- Executive recruitment is part of the process. Boards are anecdotally placing greater weight on prospective cultural fit. They want leaders who can deliver a good return on equity while enhancing the organisation’s long-term sustainability.
- Holding CEOs to account for poor behaviour is another foundation of trust. Boards are showing less tolerance of CEOs who were in charge during scandals, or displayed inappropriate behaviour, and accountability is becoming clearer.
- Having greater say in national debate where appropriate is also influential. Leaders at some organisations entered debates on marriage equality and indigenous recognition, for example, and the lift in CEO and board credibility is thought to in part reflect this more visible and principles-based contribution to social policy.
Despite these positives, the low level of trust in Australian institutions cannot be ignored. Banking scandals, community concerns that government is “broken”, distrust of media and charity frauds are all contributing factors.
Industry efforts on corporate responsibility – through organisation diversity, sustainability, CEO pay and other initiatives – are not addressing this low level of national trust to date.
Director Insights – Responsive Boards, Changing Demands
Leading company director, Dr Nora Scheinkestel, FAICD, believes the loss of public trust in organisations will become a bigger governance issue this year.
“Trust is clearly a top board priority. Let’s not sugar-coat it: Australian business is still not performing well on trust. There’s been some improvement in trust in our CEO and board directors, but I would not read too much into that. As leaders, we’re still ranked poorly on trust by the community and Australia is going backwards on trust, overall, according to Edleman.”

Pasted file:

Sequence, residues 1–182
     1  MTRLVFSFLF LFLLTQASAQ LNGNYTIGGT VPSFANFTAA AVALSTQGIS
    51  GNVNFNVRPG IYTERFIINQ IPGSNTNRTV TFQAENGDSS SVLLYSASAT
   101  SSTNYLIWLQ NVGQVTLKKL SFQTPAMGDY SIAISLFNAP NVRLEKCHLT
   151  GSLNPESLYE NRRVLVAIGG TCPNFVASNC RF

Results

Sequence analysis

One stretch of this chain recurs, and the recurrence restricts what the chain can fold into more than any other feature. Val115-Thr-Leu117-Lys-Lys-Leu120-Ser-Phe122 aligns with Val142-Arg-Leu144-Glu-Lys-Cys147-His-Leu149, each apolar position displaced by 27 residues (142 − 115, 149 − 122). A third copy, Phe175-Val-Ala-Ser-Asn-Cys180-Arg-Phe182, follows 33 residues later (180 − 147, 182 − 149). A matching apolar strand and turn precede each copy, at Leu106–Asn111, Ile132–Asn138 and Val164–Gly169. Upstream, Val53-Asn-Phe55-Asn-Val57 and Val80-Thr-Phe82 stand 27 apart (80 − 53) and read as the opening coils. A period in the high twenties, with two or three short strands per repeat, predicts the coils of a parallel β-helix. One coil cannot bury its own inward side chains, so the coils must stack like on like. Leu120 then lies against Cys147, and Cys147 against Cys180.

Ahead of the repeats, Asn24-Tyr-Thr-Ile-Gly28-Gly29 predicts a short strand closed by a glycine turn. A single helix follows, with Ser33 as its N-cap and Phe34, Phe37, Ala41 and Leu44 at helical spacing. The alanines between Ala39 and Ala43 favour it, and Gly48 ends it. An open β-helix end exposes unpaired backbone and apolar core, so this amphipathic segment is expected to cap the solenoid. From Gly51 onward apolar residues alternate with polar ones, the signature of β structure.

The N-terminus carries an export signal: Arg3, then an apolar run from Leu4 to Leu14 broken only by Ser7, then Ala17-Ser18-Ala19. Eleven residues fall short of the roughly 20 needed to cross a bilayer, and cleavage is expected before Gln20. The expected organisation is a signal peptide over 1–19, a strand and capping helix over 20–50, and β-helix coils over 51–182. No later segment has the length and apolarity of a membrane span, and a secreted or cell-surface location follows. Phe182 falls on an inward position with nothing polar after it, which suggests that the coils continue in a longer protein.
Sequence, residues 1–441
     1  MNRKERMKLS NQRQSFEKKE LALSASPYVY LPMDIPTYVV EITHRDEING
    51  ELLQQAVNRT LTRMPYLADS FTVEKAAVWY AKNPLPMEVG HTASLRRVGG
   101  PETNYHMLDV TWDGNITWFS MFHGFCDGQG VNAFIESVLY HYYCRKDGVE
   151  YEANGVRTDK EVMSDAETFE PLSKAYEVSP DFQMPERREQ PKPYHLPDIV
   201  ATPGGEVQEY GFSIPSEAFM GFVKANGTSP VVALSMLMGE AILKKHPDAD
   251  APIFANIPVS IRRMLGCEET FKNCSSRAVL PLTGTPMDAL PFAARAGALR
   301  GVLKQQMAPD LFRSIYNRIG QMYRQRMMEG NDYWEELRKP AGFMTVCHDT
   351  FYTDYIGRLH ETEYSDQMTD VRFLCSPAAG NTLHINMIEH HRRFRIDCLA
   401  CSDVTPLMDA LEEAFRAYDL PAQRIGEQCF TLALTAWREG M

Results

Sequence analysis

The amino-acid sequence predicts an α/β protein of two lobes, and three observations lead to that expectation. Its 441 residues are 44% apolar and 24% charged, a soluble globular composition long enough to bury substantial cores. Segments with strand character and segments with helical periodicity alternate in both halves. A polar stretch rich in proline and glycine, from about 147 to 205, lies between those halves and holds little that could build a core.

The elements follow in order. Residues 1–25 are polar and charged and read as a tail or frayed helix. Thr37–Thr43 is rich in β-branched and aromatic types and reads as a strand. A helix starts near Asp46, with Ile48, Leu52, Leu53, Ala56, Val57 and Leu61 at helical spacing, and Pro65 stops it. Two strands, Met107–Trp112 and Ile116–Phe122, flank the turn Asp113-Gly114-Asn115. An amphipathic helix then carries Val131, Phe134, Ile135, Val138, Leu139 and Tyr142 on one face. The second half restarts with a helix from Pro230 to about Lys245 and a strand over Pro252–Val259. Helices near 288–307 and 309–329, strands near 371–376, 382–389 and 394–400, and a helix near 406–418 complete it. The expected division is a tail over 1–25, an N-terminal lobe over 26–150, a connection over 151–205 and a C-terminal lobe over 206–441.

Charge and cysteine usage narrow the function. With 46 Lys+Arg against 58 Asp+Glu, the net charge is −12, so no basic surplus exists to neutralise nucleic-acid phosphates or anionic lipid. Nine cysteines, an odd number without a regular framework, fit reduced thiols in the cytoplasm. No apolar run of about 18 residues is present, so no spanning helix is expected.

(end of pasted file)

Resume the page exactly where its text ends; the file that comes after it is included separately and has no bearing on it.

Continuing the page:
Scheinkestel, chair of Macquarie Atlas Roads and a non-executive director of Telstra Corporation, Stockland Corporation and AusNet Services, says technology is changing the notion of public trust.
“The empowerment of customers, employees and suppliers through technology is unprecedented. In the digital economy, trust is a two-way street: technology allows unprecedented access and involvement and organisations have to trust stakeholders by opening up to this level of engagement. That at in turn creates a greater degree of trust in the organisation. It’s an evolving relationship.”
Trust is central to organisation culture.
“Trust is not blind, it’s earned,” says Scheinkestel. “The Millenials generation (roughly aged 25 to 34) want to work for companies with a social purpose and whose leaders are authentic. Their trust is built by sustained interactions where people see that what is promised is delivered, what is said is also done. Trusted organisations attract and retain top talent and are better placed to change their skill sets as automation, artificial intelligence and other technologies drive rapid workforce change.”
Scheinkestel says boards may need to rethink how they disclose information, to improve trust.
“We are now living in a world of radical transparency - our actions and words are guaranteed to become public these days because technology and social media are speeding up the velocity and transparency of information. The public is a lot more skilled at spotting corporate ‘porkies’, jargon and inauthentic behaviour.”
More boards will have to change their conversation on trust, says Scheinkestel.